[ Triad Online Home ]                                                                                    November 25, 2005

Army Reserve restructuring, BRAC 2005 recommendations to bring challenges

By Rob Schuette, Triad Staff 

      Kenneth Williamson, the chief executive officer of the U.S. Army Reserve, said many challenges will occur during the restructuring of the Army Reserve.  Williamson spoke to attendees of the Fort McCoy American Society of Military Comptrollers Green Tree Chapter meeting Nov. 17.

Photo: Chief Executive Officer of the Army Reserve Kenneth Williamson speaks about Army Reserve restructuring during a presentation at Fort McCoy. (Photo by Rob Schuette)
Chief Executive Officer of the Army Reserve Kenneth Williamson speaks about Army Reserve restructuring during a presentation at Fort McCoy . (Photo by Rob Schuette)

      Williamson also included the impact of the 2005 Base Realignment and Closure (BRAC) recommendations, which became law Nov. 9, in the presentation. Williamson assumed his position as chief executive officer of the U.S. Army Reserve in August 1998.  Prior to assuming his current position, he was the U.S. Army Reserve deputy G-1 (Personnel).

      "A lot of what I want to share with you is a conceptual approach to let you know how dynamic it is,"  Williamson said. "A lot of it is correct, but some of the terms have changed (and some of the time lines may change)." He is providing executive oversight of integrating the Army Reserve's transformation with BRAC 05.

      "The train has moved out of the station, hop on board, there will be many whistle stops along the way," Williamson said.  "Our commander chose to use BRAC as a way of causing (irreversible) change to occur in the Army Reserve."

      And as if this wouldn't be challenging enough in normal times, Williamson said, the restructuring is occurring while the nation continues to fight the Global War on Terrorism.  The Army leadership structure allows the combatant commanders in Iraq and Afghanistan to run their missions and responds to and builds capabilities to meet their requests, which also can impact the restructuring actions and time lines.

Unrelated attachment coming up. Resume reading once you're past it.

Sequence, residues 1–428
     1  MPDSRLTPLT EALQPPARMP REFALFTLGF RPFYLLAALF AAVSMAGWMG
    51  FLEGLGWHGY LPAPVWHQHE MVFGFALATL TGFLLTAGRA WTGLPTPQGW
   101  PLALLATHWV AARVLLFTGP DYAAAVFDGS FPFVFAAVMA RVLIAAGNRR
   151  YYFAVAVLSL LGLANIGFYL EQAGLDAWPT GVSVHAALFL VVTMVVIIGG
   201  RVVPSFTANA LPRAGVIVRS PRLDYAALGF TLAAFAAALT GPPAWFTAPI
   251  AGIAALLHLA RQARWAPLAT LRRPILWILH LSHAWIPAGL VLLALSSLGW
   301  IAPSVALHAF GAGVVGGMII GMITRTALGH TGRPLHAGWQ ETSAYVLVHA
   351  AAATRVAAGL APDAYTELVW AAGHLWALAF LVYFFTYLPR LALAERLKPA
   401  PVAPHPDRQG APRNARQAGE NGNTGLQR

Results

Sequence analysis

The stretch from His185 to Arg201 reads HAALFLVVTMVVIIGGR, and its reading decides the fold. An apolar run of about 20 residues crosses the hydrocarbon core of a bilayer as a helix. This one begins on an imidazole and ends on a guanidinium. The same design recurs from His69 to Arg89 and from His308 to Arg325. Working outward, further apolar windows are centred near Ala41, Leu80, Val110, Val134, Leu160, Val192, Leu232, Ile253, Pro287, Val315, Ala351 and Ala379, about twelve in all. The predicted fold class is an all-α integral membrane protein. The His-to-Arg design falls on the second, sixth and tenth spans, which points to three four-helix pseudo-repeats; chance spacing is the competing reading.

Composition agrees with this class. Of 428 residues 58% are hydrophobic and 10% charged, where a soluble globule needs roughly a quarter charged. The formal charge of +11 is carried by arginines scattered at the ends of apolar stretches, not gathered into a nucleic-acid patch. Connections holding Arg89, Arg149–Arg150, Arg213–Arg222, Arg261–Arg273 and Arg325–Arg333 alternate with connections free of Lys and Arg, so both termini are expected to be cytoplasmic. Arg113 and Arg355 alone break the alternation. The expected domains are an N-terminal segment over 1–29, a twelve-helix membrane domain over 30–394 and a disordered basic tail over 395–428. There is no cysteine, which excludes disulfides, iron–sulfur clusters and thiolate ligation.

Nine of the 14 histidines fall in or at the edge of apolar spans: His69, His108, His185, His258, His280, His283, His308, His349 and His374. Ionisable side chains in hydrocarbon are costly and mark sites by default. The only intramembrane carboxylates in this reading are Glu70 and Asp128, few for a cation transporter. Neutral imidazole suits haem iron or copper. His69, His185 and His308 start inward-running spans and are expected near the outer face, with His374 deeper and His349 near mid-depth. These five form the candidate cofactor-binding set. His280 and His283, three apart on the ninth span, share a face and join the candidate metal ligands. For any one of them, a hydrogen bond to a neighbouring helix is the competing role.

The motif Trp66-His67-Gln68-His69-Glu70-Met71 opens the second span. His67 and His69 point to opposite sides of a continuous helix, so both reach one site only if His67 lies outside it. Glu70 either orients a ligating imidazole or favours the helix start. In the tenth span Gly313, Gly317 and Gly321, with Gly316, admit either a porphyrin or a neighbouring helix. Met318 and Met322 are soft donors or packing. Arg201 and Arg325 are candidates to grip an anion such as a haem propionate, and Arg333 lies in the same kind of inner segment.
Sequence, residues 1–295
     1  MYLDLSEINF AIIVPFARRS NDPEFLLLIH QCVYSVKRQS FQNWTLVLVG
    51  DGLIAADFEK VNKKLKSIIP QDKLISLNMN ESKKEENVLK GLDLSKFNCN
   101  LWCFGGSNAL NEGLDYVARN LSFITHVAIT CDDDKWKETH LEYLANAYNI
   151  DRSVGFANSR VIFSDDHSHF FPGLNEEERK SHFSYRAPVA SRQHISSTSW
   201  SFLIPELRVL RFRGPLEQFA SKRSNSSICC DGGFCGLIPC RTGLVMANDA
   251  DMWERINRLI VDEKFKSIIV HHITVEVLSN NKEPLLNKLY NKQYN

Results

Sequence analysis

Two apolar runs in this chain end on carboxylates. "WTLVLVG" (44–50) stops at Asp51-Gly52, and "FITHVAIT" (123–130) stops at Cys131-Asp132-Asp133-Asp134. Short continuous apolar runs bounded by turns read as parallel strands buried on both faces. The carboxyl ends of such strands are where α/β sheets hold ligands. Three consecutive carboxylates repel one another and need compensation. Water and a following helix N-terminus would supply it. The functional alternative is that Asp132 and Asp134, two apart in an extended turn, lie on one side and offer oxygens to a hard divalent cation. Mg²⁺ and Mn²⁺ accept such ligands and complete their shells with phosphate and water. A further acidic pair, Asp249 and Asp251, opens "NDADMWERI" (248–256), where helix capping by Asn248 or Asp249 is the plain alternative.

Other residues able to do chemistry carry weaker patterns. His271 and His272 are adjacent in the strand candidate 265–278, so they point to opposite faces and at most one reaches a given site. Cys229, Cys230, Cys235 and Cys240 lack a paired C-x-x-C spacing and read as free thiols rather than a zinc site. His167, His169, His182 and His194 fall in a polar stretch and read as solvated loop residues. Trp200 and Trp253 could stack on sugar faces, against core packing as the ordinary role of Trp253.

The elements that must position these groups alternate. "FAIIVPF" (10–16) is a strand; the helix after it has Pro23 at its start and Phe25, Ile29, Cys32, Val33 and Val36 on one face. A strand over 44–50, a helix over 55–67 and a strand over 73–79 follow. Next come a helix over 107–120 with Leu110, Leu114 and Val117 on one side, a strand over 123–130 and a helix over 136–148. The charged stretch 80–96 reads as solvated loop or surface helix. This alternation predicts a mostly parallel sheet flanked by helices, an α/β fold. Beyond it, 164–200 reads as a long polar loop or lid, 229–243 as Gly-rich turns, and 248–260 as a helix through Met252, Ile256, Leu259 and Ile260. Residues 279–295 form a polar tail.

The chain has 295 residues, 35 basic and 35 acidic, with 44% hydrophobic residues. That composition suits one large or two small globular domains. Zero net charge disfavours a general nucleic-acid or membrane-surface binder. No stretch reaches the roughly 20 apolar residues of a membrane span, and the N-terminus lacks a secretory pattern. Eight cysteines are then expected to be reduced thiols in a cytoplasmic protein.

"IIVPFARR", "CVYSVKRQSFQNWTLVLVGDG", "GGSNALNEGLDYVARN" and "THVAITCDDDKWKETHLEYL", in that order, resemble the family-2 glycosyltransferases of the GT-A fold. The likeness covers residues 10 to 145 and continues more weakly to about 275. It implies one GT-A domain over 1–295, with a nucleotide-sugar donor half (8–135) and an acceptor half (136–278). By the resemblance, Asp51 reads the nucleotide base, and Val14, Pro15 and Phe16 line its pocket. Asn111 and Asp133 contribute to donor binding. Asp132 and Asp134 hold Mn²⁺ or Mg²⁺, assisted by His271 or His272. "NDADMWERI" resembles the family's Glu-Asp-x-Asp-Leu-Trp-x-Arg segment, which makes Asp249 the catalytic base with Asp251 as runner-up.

The future of the Army Reserve will include many challenges, such as inactivations of some units, activations of other units, and the restructuring of the Army Reserve force to meet mission needs, he said.

      As for Fort McCoy's role in the restructuring, the Army Reserve leadership recognizes the Fort McCoy mission and its role as a Power Projection Platform (PPP).

      "You do such a good job of preparing Soldiers for us," he said. "Some of the changes will affect the types of units coming through here and the missions (they do). It also changes some of the higher headquarters checking on them."

      Williamson said BRAC 05 is scheduled to occur between Fiscal Years (FY) 06 through 11.

      The Army Reserve planned and is initiating restructuring in FY 06-07 to enable us to compete for BRAC funding early in the process.

      After funding is determined, the Army Reserve plans to have the actions completed within four years, he said.

      A broad time line to implement the plans will be developed in the next few weeks, Williamson said.  One of the things that will occur is the 11 Regional Readiness Commands (RRC) and three Regional Readiness Groups will stand down.

      Regional Readiness Sustainment Commands (RRSCs) will be established at Fort McCoy; Fort Dix, N.J.; Fort Jackson, S.C.; and Moffett Field, Calif. Each of the four  RRSCs will provide support services, such as administration and base operations functions in their respective region. Fort McCoy's RRSC is scheduled to perform many of the functions that the 88th RRC of Fort Snelling, Minn., currently performs, but will not perform command-and-control functions.

      The command-and-control functions currently provided by the 88th RRC will be retained at Fort Snelling or transferred to another organization established there to handle them, he said.

      The Army Reserve, under the leadership of Lt. Gen. James R. Helmly, commander, U.S. Army Reserve Command, has been an active player and full partner in these developments and has coordinated with the Army on the Army Reserve structure design after BRAC rather than being told what its future shape and role will be.

      A major area being studied is how to efficiently align Soldiers to newly created units that will meet the required personnel strength and skills to accomplish unit missions,  he said. 

      Currently, many Soldiers have to be cross-leveled to help units meet their mission requirements.

      The new system will address these concerns, he said, and better position the Army Reserve for future success.

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